UK online gamers have been advised to be vigilant about the integrity of their accounts if they play World of Warcraft, StarCraft 2 or Diablo 3 – and to use an authenticator app for added security. The warning follows a hack attack on the games' maker Blizzard, in which millions of players' account details have been stolen.
Blizzard revealed details of the breach in a message posted to its Battle.net account management service. Players in North America should change their login details for the account management service, it said.
So far, it said, there was no evidence that credit card numbers and other personal details had been taken. In the message, Blizzard boss Mike Morhaime said it discovered on 4 August that there had been "unauthorized and illegal access" to its internal network. An investigation into the breach revealed that whoever broke in got a copy of a list of all email addresses for Battle.net users outside China. "We are truly sorry that this has happened," said Morhaime.
Battle.net is the overarching account management and login service gamers use to play Blizzard games including World of Warcraft, StarCraft 2 and Diablo 3.
Also accessed was information about the security questions and account authenticators used by players on North American servers. As well as players in the US atnd Canada this includes people in Latin America, Australia, New Zealand, and Southeast Asia. The attackers also stole a cryptographically scrambled list of the passwords used on North American Battle.net accounts. The technique Blizzard used to conceal these passwords, said Mr Morhaime, made it hard to unscramble them. Blizzard said that, as far as it knew, the information stolen would not be enough for attackers to gain unauthorised access to Battle.net accounts. Despite this, it urged players on North America servers to change their passwords, especially if that secret phrase or character combination was used on other services.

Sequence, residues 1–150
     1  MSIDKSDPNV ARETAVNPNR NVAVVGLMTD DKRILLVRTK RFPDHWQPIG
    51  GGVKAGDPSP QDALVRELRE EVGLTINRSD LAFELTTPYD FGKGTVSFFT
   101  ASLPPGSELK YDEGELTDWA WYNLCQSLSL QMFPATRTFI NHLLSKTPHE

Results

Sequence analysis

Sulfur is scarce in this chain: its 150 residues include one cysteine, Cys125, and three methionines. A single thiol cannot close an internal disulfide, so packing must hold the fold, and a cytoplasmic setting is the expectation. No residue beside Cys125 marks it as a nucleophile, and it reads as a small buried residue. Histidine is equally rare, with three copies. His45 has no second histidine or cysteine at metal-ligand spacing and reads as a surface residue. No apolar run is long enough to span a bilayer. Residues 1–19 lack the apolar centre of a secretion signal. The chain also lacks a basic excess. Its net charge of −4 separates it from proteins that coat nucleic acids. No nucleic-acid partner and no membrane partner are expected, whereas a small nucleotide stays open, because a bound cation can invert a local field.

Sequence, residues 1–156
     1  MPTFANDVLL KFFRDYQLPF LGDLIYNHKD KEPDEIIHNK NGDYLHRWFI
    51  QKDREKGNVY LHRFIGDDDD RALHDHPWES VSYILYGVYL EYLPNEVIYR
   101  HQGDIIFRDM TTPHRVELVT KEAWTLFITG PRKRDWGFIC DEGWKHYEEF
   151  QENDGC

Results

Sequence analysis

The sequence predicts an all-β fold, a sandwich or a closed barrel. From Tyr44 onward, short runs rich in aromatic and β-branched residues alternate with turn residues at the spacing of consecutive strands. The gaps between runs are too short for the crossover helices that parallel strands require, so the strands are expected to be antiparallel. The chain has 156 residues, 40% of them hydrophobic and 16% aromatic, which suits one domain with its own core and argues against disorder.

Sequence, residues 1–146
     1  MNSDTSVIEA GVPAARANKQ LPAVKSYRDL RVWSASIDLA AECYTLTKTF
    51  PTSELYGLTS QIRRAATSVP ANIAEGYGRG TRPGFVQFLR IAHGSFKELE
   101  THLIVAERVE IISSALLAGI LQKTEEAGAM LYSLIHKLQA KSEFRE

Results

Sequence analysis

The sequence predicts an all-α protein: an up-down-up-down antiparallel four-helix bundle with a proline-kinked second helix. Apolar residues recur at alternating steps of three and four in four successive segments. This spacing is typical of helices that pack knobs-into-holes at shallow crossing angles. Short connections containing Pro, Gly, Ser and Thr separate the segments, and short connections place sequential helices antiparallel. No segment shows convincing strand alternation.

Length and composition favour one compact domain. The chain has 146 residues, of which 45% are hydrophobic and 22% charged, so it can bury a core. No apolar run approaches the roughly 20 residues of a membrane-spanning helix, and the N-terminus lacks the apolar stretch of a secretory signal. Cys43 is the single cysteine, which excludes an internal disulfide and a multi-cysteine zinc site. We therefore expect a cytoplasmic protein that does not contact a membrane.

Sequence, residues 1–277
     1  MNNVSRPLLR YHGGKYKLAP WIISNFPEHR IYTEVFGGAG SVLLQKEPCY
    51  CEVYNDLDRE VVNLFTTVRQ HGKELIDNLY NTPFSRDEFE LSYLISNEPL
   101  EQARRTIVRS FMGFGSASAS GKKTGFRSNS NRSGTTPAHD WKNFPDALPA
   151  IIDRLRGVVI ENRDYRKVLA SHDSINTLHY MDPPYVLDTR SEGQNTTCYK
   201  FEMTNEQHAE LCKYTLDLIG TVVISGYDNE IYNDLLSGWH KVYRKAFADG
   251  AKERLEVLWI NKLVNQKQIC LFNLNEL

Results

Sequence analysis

The company said it had begun an automatic process to force players to change their secret questions and get those who use authenticators to update their devices. It said it had found "no evidence" that credit card numbers, billing addresses or real names had been exposed.
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